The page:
Drag performer Erika Klash is at the center of a changing art world. She moved her artistic efforts from New York City to San Francisco, citing the city's edgier, more "punk rock" understanding of drag. She competed on the Boulets' web series Dragula, but her art is perhaps too experimental for RuPaul's Drag Race. It's not just her characteristic fangs, either. She regularly incorporates classic Godzilla films, Pokémon, Sailor Moon, and other geeky ephemera into her wild performances — all properties that haven't found a home on Drag Race or in the larger, mainstream drag world.
For many drag queens, dabbling in cosplay veers too far into commercial art for comfort. On RuPaul's Drag Race Season 4, the conversation about costuming came to a head when Phi Phi O'Hara snarled at Sharon Needles, "Go back to Party City where you belong!" Needles had debuted a new kind of drag on the reality competition program, an aesthetic that celebrated all things creepy, macabre, and disturbing, and O'Hara was obviously threatened. After all, she had been working to master a classic showgirl routine; the kind of drag that still exists in the forefront of most fans' minds.
Mainstream drag is still modeled after RuPaul himself, valuing the illusion of a feminine body over everything else. The most ironic part of the exchange, of course, is that O'Hara left the show to dabble publicly in cosplay-drag of her own.
Klash, this week's guest on The Fandom Files, is the creator of a regular live drag show called "Pastel Gore" which showcases horror drag, anime, cartoons, and subversive takes on commercial art at The Stud in San Francisco. The gist is this: drag queens act out an immersive series of performances set in a haunted video game arcade for Pokemon Masters and "Pokemon Subs" alike. It's not the first show of its kind, but it's certainly poking fun at an art form that many drag queens take very seriously.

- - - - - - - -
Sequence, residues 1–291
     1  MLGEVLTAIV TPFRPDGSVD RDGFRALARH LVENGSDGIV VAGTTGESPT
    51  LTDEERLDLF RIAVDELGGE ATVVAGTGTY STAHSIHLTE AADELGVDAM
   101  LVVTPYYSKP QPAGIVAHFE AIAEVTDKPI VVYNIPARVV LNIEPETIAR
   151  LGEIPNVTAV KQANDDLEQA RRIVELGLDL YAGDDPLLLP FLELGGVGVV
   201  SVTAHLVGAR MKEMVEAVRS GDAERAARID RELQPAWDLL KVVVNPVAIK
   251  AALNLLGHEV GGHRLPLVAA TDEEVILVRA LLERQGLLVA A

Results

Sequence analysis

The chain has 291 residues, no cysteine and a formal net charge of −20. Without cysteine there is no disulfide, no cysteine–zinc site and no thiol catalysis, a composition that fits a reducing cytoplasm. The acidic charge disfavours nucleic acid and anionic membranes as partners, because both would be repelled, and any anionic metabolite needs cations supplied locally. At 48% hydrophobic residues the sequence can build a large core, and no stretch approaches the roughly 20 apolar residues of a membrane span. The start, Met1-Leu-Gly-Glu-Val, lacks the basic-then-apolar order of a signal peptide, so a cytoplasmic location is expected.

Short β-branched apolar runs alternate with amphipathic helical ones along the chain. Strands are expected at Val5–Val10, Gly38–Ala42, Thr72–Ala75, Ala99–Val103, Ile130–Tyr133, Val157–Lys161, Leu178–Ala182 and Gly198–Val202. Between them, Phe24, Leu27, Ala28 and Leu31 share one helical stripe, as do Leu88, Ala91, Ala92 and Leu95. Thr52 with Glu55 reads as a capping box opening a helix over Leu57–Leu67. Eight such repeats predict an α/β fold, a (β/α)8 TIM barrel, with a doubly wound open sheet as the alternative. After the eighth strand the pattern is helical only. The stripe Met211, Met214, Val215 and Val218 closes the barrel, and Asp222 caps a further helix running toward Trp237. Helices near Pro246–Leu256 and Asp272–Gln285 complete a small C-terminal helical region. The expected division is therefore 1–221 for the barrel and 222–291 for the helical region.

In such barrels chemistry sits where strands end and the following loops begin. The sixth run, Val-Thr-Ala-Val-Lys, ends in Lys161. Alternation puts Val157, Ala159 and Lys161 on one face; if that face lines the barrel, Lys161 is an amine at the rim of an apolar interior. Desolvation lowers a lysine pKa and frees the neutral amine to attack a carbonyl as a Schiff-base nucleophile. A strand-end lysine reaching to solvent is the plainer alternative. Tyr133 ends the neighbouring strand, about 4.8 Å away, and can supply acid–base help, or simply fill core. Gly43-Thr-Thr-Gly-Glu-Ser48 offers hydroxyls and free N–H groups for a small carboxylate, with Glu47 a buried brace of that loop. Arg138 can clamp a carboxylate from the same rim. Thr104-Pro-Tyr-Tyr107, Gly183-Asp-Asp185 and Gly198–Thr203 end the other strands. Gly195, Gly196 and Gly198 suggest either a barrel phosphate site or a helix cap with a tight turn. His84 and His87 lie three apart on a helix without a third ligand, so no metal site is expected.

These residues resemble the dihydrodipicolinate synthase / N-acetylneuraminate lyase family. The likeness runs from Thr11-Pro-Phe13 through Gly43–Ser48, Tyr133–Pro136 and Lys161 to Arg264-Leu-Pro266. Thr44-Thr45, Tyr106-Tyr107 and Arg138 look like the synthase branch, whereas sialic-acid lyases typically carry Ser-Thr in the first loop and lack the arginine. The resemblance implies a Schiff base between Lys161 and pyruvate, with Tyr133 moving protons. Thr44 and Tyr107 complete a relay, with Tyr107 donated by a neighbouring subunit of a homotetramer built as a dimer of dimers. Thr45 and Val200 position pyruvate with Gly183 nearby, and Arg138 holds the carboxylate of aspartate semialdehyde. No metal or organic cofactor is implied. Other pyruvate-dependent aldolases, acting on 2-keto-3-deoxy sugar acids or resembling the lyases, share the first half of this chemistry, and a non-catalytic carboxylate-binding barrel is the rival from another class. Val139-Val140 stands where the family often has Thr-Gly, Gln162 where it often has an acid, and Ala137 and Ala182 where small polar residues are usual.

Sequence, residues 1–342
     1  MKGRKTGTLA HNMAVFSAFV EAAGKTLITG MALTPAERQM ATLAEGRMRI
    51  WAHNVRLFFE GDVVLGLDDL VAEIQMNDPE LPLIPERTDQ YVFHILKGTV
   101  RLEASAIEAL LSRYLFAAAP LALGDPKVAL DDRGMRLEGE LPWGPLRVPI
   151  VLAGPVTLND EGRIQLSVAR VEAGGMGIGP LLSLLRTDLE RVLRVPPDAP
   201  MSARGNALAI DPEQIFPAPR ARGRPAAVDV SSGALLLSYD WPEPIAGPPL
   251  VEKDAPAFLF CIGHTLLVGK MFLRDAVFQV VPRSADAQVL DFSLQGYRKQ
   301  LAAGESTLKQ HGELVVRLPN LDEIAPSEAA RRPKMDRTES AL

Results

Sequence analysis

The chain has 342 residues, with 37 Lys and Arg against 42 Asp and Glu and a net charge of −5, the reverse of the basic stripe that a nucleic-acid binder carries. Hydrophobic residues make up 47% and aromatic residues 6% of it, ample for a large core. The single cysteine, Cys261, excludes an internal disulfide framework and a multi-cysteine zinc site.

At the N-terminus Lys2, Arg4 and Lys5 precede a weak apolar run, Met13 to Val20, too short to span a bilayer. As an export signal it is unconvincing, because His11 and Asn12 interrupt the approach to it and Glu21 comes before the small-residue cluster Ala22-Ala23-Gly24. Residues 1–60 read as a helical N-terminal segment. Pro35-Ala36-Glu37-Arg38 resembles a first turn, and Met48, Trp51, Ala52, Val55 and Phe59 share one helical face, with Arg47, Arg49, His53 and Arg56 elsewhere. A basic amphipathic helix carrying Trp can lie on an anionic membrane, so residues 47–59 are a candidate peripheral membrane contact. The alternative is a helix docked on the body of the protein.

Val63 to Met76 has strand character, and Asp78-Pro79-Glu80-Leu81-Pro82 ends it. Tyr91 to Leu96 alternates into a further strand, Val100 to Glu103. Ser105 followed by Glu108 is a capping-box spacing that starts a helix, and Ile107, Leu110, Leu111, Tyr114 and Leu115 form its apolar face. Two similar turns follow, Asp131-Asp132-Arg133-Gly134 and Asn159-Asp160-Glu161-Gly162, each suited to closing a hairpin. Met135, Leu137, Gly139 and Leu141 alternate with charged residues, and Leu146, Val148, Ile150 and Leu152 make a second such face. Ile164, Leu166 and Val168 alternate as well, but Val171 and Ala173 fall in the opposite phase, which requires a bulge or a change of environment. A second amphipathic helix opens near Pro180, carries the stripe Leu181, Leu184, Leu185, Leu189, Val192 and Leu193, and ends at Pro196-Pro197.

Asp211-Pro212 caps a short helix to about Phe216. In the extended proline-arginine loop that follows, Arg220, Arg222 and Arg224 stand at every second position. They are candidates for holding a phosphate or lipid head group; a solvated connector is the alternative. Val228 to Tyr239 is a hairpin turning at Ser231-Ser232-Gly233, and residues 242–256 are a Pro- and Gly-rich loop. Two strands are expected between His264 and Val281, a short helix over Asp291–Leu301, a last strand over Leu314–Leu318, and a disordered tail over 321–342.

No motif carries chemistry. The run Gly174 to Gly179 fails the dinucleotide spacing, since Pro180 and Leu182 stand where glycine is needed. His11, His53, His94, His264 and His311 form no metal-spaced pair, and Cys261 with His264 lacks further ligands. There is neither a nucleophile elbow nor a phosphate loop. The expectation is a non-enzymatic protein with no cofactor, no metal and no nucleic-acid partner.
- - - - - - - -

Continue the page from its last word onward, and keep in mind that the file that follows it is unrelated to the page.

Other drag queens have made public attempts at stretching the definition of drag and throwing a more diverse collection of toys into the sandbox. Drag Race Season 9 winner Sasha Velour, aka the Bald Queen, plays with androgyny instead of exaggerated femininity. Season 8's Kim Chi, who tours with RuPaul's Werq the World, stages an entire number based on the Sailor Scouts, and Season 9's Aja made waves after her TV debut, announcing her genderqueer identity and incorporating video games like Mortal Kombat into her new persona. When Shangela made Game of Thrones references throughout Drag Race All-Stars Season 3, it seemed the gauntlet had been thrown.
Where previously drag queens were assumed to listen to only Top 40, adhere solely to RuPaul's definition of "herstory," and re-watch his favorite movies — Grey Gardens, Pink Flamingos, Moonstruck — it seems with each passing season of Drag Race that the younger generation wants to reference the stuff that lights them up instead. For Season 6's Adore Delano, that's '90s riot grrrl and grunge. For Erika Klash, it's the video games and animated shows from her childhood.
Klash tells The Fandom Files that she's most inspired when trying to superimpose a non-human shape onto her human body. In that way, her drag is less about appearing to be a woman, and more about becoming a humanoid version of Haunter or Gastly. She says she's found a home in subversive, punk-focused drag spaces, but feels slightly less accepted in geek spaces, unless she’s performing at a specific event like Flamecon, which caters both to queer people and geeks.
Klash is where any artist wants to be; at the forefront of a new movement with endless possibilities ahead, though she maintains a tight hold on nostalgic pieces that continue to inspire her.
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